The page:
Stay fresh at med school

Three top tips for freshers on caring for their mental health and wellbeing

Location: UK
Published: Wednesday 21 October 2020
freshers

Emergency medicine doctor and mental health advocate Alex George highlighted the importance of mental health and wellbeing in a live Q&A at the BMA Virtual Freshers Festival on 14 October 2020.

To help you protect and maintain your mental health throughout the year ahead, watch the Q&A recording, then check out these top tips from the BMA.

Starting out at med school can be daunting at the best of times and it’s probably an understatement to say that this year has brought new challenges!

Exam stress and heavy workload, social anxiety, lack of sleep, and missing family and friends back home are just some of the things that freshers have to contend with as they begin their medical studies.

Now, they’re having to deal with the social restrictions and additional anxieties arising from Covid-19. It seems now is the perfect time to share our top tips for managing your mental health and wellbeing to ensure you make the most of your first year.

Protect yourself (and others) during Covid-19

The impact of regional lockdowns is being felt by many, but particular thoughts need to be given to fresher students living in halls in these areas. As we all know, Covid-19 thrives on social contact, and living in accommodation where you’re sharing kitchen and bathroom facilities has led to outbreaks in many student digs, as well as a rise in depression and anxiety. To stay safe, and sane, during this tough time, make sure you:

  • Protect yourself and others by following the government guidelines and restrictions on social interactions in your area, such as wearing masks, and washing hands regularly
  • Given that many of you are effectively being asked to isolate as much as possible, focus on making your dorm room space homely and comfortable
  • Try learning a new skill or hobby. There are some great suggestions in this article from the Evening Standard. Ok, maybe they’re not as exciting as the usual round of fresher’s parties, we admit, but you’ll at least have a great time learning something new!
  • It’s natural to be nervous about making new friends when you first start at med school. Once again Covid-19 is making this more challenging than normal, but there are lots of virtual events and meet-ups you can join including BMA’s virtual freshers festival – the largest of its kind for med students!

Eat well and get lots of sleep

The old saying, 'you are what you eat' is one we’ve all heard a million times, but that’s because it’s true! Eating a well-balanced diet and staying hydrated are so important, that we’ve already laid out 5 tips for fuelling your brain in your first year.

One of the benefits of not being able to hit the fresher party circuit is that you won’t be missing out on valuable sleep! Research shows how important sleep is to our overall wellbeing and brain function but it’s not just how much sleep you get, it’s also the quality that’s important. Here’s how to get in the recommended 7-9 hours of quality sleep each night:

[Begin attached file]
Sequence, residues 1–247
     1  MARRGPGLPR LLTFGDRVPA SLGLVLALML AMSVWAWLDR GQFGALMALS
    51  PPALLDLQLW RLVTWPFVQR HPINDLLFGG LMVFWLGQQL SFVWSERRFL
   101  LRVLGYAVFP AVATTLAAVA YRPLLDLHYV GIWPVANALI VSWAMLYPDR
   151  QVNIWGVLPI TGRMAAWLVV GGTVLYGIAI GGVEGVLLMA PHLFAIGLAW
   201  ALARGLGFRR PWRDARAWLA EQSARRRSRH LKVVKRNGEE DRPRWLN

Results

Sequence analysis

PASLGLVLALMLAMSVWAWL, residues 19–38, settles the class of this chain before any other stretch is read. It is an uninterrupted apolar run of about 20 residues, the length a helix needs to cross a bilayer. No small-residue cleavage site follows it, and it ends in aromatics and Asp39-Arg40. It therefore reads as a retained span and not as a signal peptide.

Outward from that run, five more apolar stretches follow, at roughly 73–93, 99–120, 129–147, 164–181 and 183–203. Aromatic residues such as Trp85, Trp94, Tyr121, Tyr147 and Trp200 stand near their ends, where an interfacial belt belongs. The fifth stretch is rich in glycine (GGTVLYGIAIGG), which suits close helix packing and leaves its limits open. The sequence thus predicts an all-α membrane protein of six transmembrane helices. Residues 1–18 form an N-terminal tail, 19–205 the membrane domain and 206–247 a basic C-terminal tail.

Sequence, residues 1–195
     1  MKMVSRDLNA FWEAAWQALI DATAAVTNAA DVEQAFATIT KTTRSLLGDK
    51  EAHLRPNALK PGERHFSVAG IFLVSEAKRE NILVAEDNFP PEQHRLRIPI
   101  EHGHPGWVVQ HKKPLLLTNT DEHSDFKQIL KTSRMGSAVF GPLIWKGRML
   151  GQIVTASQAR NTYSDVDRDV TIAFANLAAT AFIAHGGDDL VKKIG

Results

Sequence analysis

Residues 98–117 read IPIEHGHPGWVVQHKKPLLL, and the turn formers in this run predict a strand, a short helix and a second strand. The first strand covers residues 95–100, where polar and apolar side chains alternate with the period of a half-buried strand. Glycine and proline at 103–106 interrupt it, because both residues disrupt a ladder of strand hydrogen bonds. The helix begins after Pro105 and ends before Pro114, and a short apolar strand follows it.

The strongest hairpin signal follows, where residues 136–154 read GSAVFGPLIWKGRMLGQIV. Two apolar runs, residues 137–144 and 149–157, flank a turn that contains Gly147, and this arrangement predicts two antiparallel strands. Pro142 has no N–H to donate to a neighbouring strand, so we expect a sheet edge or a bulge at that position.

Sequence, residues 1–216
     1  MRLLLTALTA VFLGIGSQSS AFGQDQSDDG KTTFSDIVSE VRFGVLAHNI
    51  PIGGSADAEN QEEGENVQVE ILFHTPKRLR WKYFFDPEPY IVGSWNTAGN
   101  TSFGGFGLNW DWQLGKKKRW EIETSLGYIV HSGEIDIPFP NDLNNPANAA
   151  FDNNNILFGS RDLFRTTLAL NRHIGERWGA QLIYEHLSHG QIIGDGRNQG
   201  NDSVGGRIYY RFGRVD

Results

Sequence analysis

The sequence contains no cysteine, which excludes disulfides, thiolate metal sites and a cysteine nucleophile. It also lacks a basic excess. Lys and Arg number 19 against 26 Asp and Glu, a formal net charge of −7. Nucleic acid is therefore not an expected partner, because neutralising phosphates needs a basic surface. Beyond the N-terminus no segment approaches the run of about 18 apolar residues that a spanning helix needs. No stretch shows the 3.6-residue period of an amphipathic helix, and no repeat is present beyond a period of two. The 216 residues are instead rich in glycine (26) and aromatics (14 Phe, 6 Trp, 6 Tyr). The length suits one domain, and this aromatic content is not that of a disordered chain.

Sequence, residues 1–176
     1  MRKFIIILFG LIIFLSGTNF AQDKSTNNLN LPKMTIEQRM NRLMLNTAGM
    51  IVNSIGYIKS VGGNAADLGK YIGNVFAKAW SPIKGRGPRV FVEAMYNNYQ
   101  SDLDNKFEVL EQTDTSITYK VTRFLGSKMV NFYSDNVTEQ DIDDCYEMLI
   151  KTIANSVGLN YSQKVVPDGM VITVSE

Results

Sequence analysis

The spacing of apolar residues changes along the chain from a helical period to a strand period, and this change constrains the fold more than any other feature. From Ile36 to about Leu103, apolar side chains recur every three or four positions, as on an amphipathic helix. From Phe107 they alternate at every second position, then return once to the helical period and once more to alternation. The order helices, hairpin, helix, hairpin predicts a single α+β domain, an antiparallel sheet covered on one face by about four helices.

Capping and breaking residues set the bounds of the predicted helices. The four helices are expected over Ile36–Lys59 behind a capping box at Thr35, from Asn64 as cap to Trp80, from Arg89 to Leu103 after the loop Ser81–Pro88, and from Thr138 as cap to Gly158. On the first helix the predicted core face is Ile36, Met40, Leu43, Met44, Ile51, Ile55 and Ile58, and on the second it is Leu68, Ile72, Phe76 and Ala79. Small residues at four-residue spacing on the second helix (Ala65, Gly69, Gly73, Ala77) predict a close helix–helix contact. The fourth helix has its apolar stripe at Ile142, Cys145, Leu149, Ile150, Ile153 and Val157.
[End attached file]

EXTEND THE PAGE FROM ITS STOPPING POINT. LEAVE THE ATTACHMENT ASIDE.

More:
• Avoid caffeine late in the day
  • Don’t drink alcohol before bed
  • Reduce blue light and screen exposure in the evening
  • Try to wake up and go to bed at consistent times every day
  • Find ways to relax and wind down such as a warm bath, reading a book (no, not your medical books!), listening to relaxing music or meditating before bed.

 

Learn to manage stress

Everyone experiences stress at times, but none more so than doctors. And as a student, the pressure to smash your medical exams will be intense. That’s why learning how to manage stress now and recognise when it’s starting to affect your health and wellbeing will be crucial to your success as a doctor in the future.

Common signs of stress include feeling constantly anxious, difficulty concentrating, mood swings or being short tempered, difficulty relaxing or sleeping. When stress isn’t properly managed it can lead to depression, so it’s important to tackle stress head on.

Try to understand the reasons for your stress and work out what’s within your control, and what isn’t. Let go of what isn’t within your control and put measures in place to help you deal with what is. Here are some tried and tested ways to reduce and manage stress:

  • Adopt some meditation and mindfulness techniques to reduce stress, anxiety and related problems
  • Take a break from studying and do something you enjoy, even when you think you don’t have time
  • Get into the habit of exercising once a day, even if it’s just a walk around campus. Fresh air and a hit of endorphins can do wonders for lifting your mood and mental wellbeing
  • Again, make sure you are eating and sleeping well
  • Most of all, try to keep things in perspective and don’t be too hard on yourself

If you know you’re stressed or feeling depressed, talk to someone – whether it’s a friend, family member or a counselling service at your university. If you’re feeling alone and don’t know who to turn to, the BMA also offers a 24/7 counselling service that’s ready to help.

As you embark on your med school journey in the time of Covid-19, we want to be there for you, supporting your mental health and wellbeing throughout your first year and beyond. Watch the BMA Virtual Freshers Festival to get more great tips from Dr George on protecting your mental health.

Five takeaways

  • Take time out of your studies to do something you enjoy
  • Join virtual events to meet new friends and experts
  • Exercise regularly or try out a new routine or sport
  • Eat well and get enough sleep as often as you can
  • Don’t be scared or embarrassed to ask for support